I believe the story because I believe the man. The legend is that on the evening of Sunday, 29 June 1863, 34 year old Federal Brigadier General John Buford (above) and some of this staff climbed Jack's Mountain, just northeast of Fountain Dale, Pennsylvania, in the eastern mouth of Monterey Pass, and saw dust rising from the masked Cumberland Valley beyond.
And being who he was – born in Kentucky, raised in Illinois, disowned by his slave owning family after he chose to defend the union - Buford could sense the brawl that was about to break out, he could smell the testosterone and adrenaline of 160, 000 approaching men. The General turned to his aides and told them, “Within 48 hours the concentration of both armies will take place on a field within view and a great battle will be fought.”
But while the view from 1,775 feet above the Juniata River was and is magnificent, there were no dust clouds in view. A little further back down the road, near Emmitsburg, Maryland, marching with the 6th Wisconsin Infantry, Lieutenant Colonel Rufus Dawes remembered “I don't think I ever before saw...such a long continued, misty, drizzling storm as we have been marching through since we crossed the Potomac.” And two days before he had written to his wife of "...trudging along all day in soaking rain, getting as wet as a drowned rat...and then wrapping up in a wet woolen blanket and lying down for a sleep.." There was plenty of mud in southern Pennsylvania, but there was no dust.
But this was the third year of a civil war, in which brother literately was killing brother. The vast majority of those 160,000 combat veterans knew what they were marching toward - knew it as sure as they knew it could not be stopped. As the great Historian Bruce Catton put it, The soldiers were, “...led together by the turns in the roads they followed. When they touched they began to fight, because the tension was so high that the first encounter snapped it, and once begun the fight was uncontrollable. What the generals intended ceased to matter; each man had to cope with what he got...” That was the reality I believe General Buford saw in the fading mist.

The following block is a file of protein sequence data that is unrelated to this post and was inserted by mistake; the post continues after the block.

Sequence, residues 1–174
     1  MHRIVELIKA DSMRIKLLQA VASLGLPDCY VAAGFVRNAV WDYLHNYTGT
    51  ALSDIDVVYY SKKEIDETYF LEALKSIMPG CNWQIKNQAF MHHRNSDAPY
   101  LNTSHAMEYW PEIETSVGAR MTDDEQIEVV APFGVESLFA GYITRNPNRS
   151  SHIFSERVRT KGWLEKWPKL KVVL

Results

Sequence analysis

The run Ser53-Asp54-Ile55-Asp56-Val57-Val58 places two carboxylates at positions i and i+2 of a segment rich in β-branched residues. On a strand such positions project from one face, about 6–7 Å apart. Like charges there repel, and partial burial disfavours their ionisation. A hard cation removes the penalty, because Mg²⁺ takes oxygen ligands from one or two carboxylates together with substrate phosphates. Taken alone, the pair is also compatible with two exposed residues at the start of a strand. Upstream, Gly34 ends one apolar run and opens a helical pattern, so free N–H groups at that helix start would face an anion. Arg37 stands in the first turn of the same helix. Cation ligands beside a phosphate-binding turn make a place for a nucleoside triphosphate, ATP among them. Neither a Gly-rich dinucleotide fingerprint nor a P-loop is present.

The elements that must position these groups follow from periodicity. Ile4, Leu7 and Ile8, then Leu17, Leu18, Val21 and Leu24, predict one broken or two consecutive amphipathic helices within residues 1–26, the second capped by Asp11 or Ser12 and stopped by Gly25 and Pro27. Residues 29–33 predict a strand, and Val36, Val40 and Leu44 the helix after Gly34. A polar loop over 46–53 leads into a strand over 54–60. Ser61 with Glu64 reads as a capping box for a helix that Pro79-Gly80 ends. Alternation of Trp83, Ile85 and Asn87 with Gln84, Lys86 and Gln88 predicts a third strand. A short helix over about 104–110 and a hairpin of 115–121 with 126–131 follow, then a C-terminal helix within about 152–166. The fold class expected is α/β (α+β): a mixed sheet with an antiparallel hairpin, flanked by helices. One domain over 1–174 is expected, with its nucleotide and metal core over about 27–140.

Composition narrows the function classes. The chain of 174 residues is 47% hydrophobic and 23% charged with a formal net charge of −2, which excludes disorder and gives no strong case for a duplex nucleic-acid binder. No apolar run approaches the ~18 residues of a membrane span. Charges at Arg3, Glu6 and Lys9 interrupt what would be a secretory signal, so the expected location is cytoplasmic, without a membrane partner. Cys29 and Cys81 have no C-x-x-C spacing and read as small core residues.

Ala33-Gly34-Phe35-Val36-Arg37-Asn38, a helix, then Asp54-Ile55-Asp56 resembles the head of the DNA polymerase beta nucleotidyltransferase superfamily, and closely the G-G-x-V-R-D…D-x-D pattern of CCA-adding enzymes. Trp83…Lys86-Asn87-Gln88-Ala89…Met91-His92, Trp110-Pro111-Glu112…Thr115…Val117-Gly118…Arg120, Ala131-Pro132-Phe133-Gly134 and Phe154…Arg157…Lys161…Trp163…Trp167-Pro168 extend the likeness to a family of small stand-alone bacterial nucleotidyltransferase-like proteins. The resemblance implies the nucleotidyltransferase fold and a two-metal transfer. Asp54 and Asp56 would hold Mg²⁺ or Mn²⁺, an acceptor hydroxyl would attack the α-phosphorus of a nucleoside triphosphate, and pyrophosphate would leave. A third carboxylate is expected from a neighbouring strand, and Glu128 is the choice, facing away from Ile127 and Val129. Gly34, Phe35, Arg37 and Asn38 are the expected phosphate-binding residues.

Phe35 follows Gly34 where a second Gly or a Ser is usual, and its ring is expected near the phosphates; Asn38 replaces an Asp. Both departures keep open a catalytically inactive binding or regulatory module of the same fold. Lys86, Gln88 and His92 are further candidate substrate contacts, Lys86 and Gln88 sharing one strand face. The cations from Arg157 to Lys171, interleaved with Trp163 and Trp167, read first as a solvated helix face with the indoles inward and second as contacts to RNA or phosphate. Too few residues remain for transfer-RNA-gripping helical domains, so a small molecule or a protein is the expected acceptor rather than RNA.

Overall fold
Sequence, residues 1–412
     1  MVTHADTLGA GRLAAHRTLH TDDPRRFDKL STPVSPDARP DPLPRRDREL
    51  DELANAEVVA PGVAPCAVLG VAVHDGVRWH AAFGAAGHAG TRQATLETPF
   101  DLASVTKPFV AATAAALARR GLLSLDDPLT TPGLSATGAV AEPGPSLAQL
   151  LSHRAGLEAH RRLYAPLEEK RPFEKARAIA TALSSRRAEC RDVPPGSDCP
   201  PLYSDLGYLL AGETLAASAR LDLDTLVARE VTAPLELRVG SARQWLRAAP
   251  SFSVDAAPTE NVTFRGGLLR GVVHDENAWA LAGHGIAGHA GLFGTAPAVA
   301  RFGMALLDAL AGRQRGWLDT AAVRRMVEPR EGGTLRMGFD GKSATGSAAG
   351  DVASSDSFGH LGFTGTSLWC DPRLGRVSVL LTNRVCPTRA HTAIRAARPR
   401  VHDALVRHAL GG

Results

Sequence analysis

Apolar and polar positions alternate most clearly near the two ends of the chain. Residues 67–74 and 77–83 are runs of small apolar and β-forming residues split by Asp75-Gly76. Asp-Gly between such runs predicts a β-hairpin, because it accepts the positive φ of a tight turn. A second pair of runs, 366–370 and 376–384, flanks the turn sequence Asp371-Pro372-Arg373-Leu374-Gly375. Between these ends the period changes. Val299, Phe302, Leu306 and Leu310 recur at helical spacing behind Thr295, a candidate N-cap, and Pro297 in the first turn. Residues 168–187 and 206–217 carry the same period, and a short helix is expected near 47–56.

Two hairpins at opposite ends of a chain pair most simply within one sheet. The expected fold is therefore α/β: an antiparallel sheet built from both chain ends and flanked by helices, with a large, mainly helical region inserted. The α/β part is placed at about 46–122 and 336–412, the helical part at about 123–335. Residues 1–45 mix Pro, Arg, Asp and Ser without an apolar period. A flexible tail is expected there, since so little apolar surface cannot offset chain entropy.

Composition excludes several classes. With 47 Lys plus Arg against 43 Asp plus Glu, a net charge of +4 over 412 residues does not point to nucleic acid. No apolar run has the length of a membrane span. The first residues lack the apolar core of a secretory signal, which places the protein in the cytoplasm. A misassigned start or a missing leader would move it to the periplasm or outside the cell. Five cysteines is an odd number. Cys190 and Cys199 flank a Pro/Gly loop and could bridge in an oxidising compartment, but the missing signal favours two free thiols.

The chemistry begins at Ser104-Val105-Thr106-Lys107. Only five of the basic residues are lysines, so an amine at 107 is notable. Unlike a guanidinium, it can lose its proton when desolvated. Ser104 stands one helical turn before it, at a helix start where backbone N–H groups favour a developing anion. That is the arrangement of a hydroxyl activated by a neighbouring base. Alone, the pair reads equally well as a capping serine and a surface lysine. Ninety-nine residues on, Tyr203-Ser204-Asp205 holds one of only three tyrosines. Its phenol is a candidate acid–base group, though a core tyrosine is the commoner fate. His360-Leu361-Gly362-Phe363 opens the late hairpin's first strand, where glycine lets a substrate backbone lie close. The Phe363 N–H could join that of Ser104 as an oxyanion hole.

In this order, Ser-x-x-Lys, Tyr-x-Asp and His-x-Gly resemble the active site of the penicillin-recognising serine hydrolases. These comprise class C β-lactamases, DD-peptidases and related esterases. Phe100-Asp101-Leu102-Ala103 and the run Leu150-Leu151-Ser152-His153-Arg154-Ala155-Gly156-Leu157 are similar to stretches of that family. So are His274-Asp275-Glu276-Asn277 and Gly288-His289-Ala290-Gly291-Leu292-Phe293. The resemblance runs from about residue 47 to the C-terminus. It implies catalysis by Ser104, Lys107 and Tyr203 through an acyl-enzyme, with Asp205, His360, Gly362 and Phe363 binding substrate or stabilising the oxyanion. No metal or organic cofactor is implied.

Perhaps the clearest glimpse of John Buford in this third year of the war was provided by what happened to a young civilian suspected of spying on the Federal cavalry near Frederick, Maryland. A quick “drum-head court martial” found the boy guilty, and he was promptly condemned, and left hanging by his neck from a roadside tree. When a committee of Frederick civilians demanded an explanation from Buford, the General explained he would have sent the boy back to Washington for trial, except he feared the bureaucrats and politicians there would make the spy a Brigadier General. That is what passed for a joke after 2 1/2 years of war.
Twenty miles to the south of Buford's cavalry were the three leading corps of the Army of the Potomac. From south to north, they were the 13,000 men of the III Corps, under the 44 year old legally insane New Yorker and congressman, Major General Daniel Edgar Sickles (above)
They were following the 9,000 despised and disparaged “Damned Dutch” of the XI Corps under the 33 year old Puritanical nativist Major General Oliver Otis Howard, from Maine.
In the lead were the 12,200 men of the veteran First Crops, under the command of the 42 year old charismatic Pennsylvanian, Major General John Fulton Reynolds.